Here are four questions. If you answer yes to any of the below, you may be in need of the productivity trick in this blog.
- Was the first thing you did this morning check your; phone, email, twitter, facebook or whatever?
- Do you get so distracted you forget what you were doing in the first place?
- Do you check Facebook more than ten times a day?
- Do you just get frrrrrrrustrated because you are constantly distracted by digital stuff?
In the ongoing quest to cut clutter, I've been revisiting Tim Ferriss' book The 4-Hour Work Week for some inspiration on productivity. His mantra is that being selective is the path to productivity.
What could be a better way to cut clutter? But I can already hear your objections. "Yeah, yeah, yeah. If I do less, I just won't get all my work done".
Ahhhh. Don't worry, because here's something that I've found useful that Tim writes about.
"Work expands/shrinks so as to fill the time available for its completion."
Or put another way: The amount of time which one has to perform a task is the amount of time it will take to complete the task.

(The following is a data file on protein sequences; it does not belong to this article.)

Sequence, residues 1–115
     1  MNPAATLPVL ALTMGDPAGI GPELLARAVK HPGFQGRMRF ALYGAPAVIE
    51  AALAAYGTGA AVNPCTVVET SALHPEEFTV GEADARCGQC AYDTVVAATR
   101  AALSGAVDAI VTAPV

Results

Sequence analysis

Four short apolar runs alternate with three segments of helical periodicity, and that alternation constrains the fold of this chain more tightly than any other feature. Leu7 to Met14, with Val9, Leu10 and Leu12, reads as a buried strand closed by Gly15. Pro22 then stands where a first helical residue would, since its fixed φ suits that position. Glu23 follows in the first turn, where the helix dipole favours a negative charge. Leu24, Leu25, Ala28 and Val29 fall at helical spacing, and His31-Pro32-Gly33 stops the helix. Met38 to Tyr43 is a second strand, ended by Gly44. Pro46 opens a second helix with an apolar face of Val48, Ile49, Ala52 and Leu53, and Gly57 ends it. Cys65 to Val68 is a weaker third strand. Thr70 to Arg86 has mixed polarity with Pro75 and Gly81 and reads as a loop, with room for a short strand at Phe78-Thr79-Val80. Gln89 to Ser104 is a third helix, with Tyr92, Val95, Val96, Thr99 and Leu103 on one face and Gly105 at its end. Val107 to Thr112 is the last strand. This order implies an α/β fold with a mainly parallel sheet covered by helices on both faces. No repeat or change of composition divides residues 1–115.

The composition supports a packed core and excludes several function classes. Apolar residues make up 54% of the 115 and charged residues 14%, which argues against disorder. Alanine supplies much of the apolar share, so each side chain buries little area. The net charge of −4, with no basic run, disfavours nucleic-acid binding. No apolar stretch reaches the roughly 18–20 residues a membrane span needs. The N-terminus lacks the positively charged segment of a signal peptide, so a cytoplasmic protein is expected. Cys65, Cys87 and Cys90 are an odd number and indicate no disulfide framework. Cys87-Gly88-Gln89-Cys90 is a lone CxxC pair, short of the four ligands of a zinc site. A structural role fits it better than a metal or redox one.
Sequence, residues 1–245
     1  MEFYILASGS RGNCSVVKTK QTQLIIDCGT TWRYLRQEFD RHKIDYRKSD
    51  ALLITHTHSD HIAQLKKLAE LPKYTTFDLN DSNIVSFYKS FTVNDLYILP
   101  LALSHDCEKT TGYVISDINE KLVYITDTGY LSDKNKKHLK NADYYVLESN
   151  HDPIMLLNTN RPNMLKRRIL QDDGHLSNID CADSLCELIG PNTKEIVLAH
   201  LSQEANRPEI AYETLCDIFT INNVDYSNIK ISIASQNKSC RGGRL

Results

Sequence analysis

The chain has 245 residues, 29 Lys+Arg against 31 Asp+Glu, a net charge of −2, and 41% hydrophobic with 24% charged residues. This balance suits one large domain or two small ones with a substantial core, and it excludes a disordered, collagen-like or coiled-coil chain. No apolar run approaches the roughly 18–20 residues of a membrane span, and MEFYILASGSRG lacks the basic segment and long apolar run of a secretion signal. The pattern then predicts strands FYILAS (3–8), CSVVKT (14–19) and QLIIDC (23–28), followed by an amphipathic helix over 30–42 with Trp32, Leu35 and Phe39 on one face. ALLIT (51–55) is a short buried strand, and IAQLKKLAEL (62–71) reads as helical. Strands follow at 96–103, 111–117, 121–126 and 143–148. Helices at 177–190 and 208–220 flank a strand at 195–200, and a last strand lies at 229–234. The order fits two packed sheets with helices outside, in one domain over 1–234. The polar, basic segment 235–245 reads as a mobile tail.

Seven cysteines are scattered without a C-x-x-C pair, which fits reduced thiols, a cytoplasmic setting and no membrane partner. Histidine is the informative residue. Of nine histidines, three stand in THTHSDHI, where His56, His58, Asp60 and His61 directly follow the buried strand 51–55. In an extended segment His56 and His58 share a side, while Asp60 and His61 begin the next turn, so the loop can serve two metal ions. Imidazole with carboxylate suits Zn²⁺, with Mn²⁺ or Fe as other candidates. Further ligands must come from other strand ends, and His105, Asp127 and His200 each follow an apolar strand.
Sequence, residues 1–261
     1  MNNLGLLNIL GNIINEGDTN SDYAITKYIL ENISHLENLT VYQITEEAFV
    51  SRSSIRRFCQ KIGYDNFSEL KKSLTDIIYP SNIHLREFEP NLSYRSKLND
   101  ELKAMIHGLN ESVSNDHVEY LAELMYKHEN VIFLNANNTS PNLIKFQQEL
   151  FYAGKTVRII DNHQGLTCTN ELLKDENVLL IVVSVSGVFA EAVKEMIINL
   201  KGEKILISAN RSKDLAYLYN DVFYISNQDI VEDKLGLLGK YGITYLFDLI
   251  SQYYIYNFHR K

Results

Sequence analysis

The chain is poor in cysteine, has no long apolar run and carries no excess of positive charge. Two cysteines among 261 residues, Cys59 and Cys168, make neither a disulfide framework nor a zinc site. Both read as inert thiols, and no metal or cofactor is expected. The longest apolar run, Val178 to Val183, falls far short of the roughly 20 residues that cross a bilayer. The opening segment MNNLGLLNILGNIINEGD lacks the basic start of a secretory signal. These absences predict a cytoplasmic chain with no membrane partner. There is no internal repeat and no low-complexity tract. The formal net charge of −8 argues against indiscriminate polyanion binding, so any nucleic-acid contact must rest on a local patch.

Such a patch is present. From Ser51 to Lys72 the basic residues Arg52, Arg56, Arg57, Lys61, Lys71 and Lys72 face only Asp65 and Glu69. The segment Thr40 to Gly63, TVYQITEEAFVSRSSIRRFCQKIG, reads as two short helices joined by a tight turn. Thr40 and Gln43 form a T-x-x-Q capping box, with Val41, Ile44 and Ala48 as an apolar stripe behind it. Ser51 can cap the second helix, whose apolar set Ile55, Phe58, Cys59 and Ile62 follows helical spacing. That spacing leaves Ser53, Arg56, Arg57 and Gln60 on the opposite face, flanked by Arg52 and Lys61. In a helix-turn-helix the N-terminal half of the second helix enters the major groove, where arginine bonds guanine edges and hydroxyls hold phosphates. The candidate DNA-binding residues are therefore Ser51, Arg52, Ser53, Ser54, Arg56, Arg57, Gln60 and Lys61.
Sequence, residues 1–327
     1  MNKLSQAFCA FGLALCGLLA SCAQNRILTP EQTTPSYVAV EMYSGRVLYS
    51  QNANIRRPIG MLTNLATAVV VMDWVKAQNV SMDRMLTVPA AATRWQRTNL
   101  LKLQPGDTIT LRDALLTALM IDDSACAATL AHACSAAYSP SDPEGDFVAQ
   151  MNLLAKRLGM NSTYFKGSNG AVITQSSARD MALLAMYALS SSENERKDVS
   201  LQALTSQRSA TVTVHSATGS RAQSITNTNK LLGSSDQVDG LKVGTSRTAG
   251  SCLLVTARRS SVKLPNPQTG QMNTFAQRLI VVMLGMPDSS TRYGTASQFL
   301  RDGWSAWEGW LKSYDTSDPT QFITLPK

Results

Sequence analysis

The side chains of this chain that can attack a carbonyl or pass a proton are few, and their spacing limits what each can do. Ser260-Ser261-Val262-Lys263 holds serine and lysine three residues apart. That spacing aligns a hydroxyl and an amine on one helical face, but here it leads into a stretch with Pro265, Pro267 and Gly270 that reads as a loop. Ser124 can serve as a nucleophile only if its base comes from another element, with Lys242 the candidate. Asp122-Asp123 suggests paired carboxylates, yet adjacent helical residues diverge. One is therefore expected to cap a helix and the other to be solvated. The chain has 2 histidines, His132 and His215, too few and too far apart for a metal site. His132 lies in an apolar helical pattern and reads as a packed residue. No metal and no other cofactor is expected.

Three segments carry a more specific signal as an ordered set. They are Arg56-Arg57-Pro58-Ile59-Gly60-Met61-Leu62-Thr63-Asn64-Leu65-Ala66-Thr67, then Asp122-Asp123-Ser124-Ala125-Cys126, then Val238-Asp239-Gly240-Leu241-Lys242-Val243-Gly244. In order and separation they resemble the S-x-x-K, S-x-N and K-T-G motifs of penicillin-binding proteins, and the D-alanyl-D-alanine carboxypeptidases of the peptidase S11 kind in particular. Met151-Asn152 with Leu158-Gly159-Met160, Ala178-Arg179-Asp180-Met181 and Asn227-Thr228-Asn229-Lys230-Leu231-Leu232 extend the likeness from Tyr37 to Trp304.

It's quite simple really - if you give yourself three weeks to clean out the attic, it'll take you three weeks. If you give yourself a day to do the same job, somehow you'll get it done.
If you give yourself 'a year to find a new job'... guess how long it'll take you?
Why am I recommending Parkinson's Law? In the interests of cutting clutter, I put this to the test last week. I set myself exactly 2 hours and 20 minutes to write two blogs, and three Success Sanctuary programs. Normally it takes me at least that long to write one blog or one program. "There's no way I can do this", I thought.
It's no exaggeration to say I had one of the most astonishingly productive afternoons. I achieved everything I'd set out to do, and weirdly finished the final program at bang on 18:00pm, the exact minute of the deadline I'd set myself to finish this work.
Remember under Parkinson's Law, work shrinks so as to fill the time available for its completion. I operated with a laser-like intensity. I got results fast, and I think (hope!) the quality is at exactly the same level as it normally is. (I suppose you'll be the judge of that, eh.)
Have fun putting Parkinson's Law into practice this week, give yourself less time and strict deadlines to do the work, and see what happens.